Did you know that your tongue gains and loses weight? If you answer no, you are not alone. But according to researchers at the Perelman School of Medicine at the University of Pennsylvania, a fat tongue could be key to costing you a good night’s sleep.
Researchers knew that losing weight is an effective treatment for Obstructive Sleep Apnea (OSA), but why exactly this is the case has remained unclear. Using magnetic resonance imaging (MRI) to measure the effect of weight loss on the upper airway in obese patients, researchers found that reducing tongue fat is a primary factor in lessening the severity of OSA. The findings were published today in the American Journal of Respiratory and Critical Care Medicine.
“Most clinicians, and even experts in the sleep apnea world, have not typically focused on fat in the tongue for treating sleep apnea,” said Richard Schwab, MD, chief of Sleep Medicine. “Now that we know tongue fat is a risk factor and that sleep apnea improves when tongue fat is reduced, we have established a unique therapeutic target that we’ve never had before.”
According to researchers, 22 million Americans suffer from sleep apnea, a serious health condition in which breathing repeatedly stops and starts, causing patients to wake up randomly throughout their sleep cycles. The condition, which is usually marked by loud snoring, can increase your risk for high blood pressure and stroke. While obesity is the primary risk factor for developing sleep apnea, there are other causes, such as having large tonsils or a recessed jaw. CPAP (continuous positive airway pressure) machines improves sleep apnea in about 75 percent of patients, studies suggest, but for the other 25 percent — those who may have trouble tolerating the machine — alternative treatment options, such as oral appliances or upper airway surgery, are more complicated.
A 2014 study led by Schwab compared obese patients with and without sleep apnea, and found that the participants with the condition had significantly larger tongues and a higher percentage of tongue fat when compared to those without sleep apnea. The researchers next step was to determine if reducing tongue fat would improve symptoms and to further examine cause and effect.
The new study included 67 participants with mild to severe obstructive sleep apnea who were obese –those with a body mass index greater than 30.0. Through diet or weight loss surgery, the patients lost nearly 10 percent of their body weight, on average, over six months. Overall, the participants’ sleep apnea scores improved by 31 percent after the weight loss intervention, as measured by a sleep study.
Before and after the weight loss intervention, the study participants underwent MRI scans to both their pharynx as well as their abdomens. Then, using a statistical analysis, the research team quantified changes between overall weight loss and reductions to the volumes of the upper airway structures to determine which structures led to the improvement in sleep apnea. The team found that a reduction in tongue fat volume was the primary link between weight loss and sleep apnea improvement.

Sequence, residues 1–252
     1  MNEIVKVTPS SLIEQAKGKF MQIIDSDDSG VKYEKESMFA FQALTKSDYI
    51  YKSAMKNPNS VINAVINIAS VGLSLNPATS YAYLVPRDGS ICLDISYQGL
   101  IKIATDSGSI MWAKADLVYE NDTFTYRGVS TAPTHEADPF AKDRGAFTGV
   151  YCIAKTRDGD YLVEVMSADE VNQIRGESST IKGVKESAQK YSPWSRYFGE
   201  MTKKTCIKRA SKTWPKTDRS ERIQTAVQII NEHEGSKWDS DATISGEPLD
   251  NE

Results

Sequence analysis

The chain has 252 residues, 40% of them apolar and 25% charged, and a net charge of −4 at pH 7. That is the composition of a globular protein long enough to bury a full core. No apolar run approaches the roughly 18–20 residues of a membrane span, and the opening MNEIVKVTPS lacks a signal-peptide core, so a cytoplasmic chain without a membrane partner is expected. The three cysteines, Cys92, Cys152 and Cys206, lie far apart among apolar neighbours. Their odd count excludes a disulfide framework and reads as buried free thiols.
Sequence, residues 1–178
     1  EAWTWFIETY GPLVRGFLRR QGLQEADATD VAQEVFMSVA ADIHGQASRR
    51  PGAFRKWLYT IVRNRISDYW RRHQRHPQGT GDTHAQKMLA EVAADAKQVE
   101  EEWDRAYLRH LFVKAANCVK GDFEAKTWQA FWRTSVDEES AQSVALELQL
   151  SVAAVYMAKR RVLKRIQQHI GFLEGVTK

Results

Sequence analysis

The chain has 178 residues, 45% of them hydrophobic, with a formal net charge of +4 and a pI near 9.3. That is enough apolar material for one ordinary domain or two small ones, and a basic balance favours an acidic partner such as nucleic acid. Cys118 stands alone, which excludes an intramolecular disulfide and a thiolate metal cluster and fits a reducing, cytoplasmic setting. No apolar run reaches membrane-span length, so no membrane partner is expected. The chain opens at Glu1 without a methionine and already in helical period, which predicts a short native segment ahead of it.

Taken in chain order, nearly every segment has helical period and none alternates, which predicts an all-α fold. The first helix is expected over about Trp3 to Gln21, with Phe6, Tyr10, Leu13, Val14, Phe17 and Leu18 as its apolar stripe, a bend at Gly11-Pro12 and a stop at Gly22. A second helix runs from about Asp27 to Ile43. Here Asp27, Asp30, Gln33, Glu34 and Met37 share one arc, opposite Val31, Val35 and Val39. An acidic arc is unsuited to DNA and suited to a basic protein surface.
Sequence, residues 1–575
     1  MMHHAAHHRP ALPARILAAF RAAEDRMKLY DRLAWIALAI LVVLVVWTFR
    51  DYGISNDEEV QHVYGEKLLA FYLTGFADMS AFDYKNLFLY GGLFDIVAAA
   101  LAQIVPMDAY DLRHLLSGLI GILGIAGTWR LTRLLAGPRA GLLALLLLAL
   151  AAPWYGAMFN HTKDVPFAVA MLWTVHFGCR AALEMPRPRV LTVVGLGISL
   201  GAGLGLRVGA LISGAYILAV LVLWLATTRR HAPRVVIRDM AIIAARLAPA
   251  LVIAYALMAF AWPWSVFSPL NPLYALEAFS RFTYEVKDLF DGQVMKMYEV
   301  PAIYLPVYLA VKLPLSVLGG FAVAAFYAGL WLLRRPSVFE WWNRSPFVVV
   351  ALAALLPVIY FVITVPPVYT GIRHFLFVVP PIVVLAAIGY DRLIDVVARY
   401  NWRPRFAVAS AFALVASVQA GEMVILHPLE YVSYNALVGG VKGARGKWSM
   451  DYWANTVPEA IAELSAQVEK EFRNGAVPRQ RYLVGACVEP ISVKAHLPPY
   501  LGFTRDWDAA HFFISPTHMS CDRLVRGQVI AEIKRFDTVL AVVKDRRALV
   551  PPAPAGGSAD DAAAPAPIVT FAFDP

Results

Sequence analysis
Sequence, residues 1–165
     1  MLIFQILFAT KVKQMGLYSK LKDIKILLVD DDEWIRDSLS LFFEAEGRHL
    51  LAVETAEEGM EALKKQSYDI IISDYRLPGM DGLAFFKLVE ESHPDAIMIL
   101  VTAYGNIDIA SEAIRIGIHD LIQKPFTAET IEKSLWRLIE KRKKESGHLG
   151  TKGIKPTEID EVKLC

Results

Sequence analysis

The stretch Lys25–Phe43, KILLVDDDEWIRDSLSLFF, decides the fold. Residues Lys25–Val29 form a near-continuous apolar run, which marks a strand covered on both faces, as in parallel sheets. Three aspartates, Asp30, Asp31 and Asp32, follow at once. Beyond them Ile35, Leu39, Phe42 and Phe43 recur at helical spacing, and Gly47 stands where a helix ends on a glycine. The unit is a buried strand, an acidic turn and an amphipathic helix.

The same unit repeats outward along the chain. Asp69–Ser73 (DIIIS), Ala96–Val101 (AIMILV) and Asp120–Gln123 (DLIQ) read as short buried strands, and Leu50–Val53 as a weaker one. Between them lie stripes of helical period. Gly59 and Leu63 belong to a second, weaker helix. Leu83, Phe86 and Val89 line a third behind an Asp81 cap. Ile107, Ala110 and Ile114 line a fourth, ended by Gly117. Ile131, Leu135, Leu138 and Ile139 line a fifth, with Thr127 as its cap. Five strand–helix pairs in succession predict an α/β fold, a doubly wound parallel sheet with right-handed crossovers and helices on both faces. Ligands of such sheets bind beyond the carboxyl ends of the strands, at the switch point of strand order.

The study also found that weight loss resulted in reduced pterygoid (a jaw muscle that controls chewing) and pharyngeal lateral wall (muscles on the sides of the airway) volumes. Both these changes also improved sleep apnea, but not to the same extent as the reduction in tongue fat.
The authors believe that tongue fat is a potential new therapeutic target for improving sleep apnea. They suggest that future studies could be designed to explore whether certain low-fat diets are better than others in reducing tongue fat and whether cold therapies — like those used to reduce stomach fat — might be applied to reducing tongue fat. However, Schwab notes, these types of interventions have not yet been tested.
Schwab’s team is also examining new interventions and other risk factors for sleep apnea, including whether some patients who are not obese but who have “fatty” tongues could be predisposed to sleep apnea, but are less likely to be diagnosed.
In a recent related study, Schwab found that ethnicity may also play a role in sleep apnea severity. His research team compared the upper airway anatomy of Chinese and Icelandic patients with sleep apnea, and found that, compared to Icelandic patients of similar age, gender, and symptoms, Chinese patients had smaller airways and soft tissues, but bigger soft palate volume with more bone restrictions. This means that Asian patients may generally be more at risk for severe sleep apnea symptoms. The bottom line, according to Schwab, is that all patients who suffer from snoring or sleepiness should be screened for sleep apnea, whether or not they appear to fall into the typical “high-risk” obese categories.
“Primary care doctors, and perhaps even dentists, should be asking about snoring and sleepiness in all patients, even those who have a normal body mass index, as, based on our data, they may also be at risk for sleep apnea,” Schwab said.